1988 began with what seemed to be a revitalised Gastineau, but the biggest surprise was coming. Seven weeks into the 1988 season, Gastineau was leading the AFC with seven sacks when he stunned teammates by announcing his retirement; he said he wanted to spend more time with Nielsen, whom he feared had uterine cancer. It proved to be a false alarm. Years later, Gastineau admitted another reason he quit was that he was concerned that he would fail another drug test and that the public would learn he used anabolic steroids.


Gastineau was among the most talented and honored defensive linemen of his era. He was 2nd Team All-Pro in 1981 as well as being consensus All-AFC. He was and First Team All-Pro in 1982, 83, 84, and 85 and was consensus All-AFC in each of those years. In 1982 he was voted the NFL Defensive Player of the Year by NEA (and awarded the George S. Halas Trophy). In 1983 he totaled 19 sacks to lead the NFL for the first time. (In 1981 sacks were unofficial, but Gastineau's 20 sacks trailed Klecko by only 1/2 a sack) In 1984 he was voted the UPI AFC Defensive Player of the Year and was also selected the MVP of that season's Pro Bowl. In 1985 he was voted All-pro by the NEA. In 1986 he was featured on the cover of Sports Illustrated along side fellow star Lawrence Taylor.

Sack Dance

Gastineau was nationally famous for doing his signature "Sack Dance" after sacking an opposing quarterback. However, he had to stop when the NFL declared it "unsportsman like taunting" in March 1984 and began fining players for it. The ban on the Sack Dance stemmed from a 1983 game against the Los Angeles Rams, when Gastineau and Rams Pro Football Hall of Fame offensive tackle Jackie Slater got into a fight following a Gastineau sack of Rams quarterback Vince Ferragamo.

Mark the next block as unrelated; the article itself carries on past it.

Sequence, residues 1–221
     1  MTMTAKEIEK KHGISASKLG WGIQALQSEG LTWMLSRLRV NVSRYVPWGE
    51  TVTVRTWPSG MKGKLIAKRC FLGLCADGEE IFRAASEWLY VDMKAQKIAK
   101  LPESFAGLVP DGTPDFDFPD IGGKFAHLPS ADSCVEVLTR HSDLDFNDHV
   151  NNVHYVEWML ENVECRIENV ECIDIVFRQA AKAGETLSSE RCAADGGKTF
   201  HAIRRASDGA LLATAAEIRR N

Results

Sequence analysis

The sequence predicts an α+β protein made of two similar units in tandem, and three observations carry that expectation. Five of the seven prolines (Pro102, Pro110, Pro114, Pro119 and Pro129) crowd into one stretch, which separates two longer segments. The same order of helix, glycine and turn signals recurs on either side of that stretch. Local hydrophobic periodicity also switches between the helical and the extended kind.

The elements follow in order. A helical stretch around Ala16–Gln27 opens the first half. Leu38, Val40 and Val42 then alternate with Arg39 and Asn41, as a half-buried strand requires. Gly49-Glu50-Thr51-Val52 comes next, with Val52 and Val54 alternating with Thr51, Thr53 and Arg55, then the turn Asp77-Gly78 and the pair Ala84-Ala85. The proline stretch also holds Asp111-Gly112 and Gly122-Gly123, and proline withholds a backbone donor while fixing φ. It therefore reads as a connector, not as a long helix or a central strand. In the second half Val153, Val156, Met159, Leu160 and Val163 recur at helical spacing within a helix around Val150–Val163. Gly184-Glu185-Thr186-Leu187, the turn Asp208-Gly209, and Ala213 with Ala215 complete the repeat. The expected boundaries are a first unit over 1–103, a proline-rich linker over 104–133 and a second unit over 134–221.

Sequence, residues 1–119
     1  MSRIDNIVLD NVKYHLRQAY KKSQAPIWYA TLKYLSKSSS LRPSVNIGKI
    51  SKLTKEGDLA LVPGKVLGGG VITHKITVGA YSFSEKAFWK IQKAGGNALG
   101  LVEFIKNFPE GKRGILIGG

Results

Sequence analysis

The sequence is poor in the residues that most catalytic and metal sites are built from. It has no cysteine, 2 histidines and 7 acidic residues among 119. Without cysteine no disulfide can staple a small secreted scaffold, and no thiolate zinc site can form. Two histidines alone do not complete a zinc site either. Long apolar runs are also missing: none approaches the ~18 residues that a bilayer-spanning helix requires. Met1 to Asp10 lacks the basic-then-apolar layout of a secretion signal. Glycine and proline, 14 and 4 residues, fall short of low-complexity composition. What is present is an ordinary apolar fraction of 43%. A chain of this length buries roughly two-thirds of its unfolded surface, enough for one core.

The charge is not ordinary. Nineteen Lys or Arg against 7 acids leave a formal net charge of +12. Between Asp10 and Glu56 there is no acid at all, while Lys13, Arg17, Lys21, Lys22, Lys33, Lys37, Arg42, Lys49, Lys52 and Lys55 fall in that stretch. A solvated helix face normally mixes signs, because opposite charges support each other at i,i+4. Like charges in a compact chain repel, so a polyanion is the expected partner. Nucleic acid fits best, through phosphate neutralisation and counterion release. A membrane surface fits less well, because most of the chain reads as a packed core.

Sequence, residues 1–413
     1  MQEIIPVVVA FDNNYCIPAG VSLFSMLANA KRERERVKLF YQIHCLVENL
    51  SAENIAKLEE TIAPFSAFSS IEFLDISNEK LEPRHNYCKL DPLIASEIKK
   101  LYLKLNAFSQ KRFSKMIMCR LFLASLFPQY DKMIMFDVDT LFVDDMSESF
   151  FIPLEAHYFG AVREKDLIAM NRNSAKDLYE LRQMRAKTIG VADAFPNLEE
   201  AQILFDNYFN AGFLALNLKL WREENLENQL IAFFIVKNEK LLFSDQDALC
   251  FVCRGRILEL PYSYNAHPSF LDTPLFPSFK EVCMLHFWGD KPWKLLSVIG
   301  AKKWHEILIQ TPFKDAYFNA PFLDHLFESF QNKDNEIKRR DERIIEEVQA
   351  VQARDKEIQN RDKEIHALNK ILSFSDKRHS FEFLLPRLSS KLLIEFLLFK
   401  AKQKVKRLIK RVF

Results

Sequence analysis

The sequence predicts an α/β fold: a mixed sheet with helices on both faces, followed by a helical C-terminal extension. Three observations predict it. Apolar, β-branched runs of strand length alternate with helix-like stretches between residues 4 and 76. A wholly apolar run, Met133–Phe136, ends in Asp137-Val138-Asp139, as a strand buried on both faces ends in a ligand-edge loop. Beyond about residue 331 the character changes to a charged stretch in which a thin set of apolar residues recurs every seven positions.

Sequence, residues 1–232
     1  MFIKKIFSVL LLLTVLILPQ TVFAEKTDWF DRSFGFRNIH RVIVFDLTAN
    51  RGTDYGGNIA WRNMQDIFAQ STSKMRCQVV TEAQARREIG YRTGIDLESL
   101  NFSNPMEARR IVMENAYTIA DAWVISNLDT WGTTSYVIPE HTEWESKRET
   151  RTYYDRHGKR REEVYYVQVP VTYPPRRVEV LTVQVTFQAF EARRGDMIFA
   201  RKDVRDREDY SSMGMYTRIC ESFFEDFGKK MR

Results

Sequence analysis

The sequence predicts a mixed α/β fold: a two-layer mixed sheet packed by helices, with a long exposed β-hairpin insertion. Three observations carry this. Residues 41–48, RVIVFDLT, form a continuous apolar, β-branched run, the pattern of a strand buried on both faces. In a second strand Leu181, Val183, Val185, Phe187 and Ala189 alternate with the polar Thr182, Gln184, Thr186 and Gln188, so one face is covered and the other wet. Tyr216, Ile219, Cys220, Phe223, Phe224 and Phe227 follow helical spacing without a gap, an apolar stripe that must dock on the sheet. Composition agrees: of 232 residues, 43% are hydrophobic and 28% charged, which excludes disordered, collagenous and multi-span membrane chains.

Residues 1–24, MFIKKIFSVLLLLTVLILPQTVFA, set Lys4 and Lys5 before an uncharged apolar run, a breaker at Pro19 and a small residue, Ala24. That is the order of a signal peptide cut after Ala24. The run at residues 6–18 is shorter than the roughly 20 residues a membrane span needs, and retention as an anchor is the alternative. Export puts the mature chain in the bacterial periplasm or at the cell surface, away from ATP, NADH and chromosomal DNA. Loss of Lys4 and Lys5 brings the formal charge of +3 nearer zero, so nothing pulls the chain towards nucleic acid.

After the NFL

Gastineau tried a comeback, in the Canadian Football League in 1990. He signed a two-year contract with the British Columbia Lions, but got injured and was released after only four games. In 1991, Gastineau began a career in boxing, compiling a 15-2 record before retiring in 1996. His first fight against Derrick Dukes produced a first-round knockout. Dukes, a professional wrestler, later admitted he took a dive. TV newsmagazine show 60 Minutes interviewed several others that fought Gastineau and were told to take dives to make Gastineau look good. His career ended in 1996 when he lost to another former football player, Alonzo Highsmith. His record in boxing was fifteen wins, two losses, and one no-contest. On Aug. 25, 1998, was in trouble with the law again, after an incident with his then girlfriend Patty Schorr, whom Gastineau would marry a month later. She told police that Gastineau beat, choked and threatened to crush her with a coffee table. Schorr didn't file any charges, but Gastineau was sentenced to three years probation in January 1999. After repeatedly violating his probation he spent 11 months on Rikers Island. In the wake of his beating of Schorr, Gastineau said he found religion. He was released from prison in July 2001 and five months later moved to suburban Phoenix to work for his brother-in-law, a vice president for a chain of health clubs. In recent times, Gastineau has said he has become a changed person and hopes to have put his turbulent past behind him.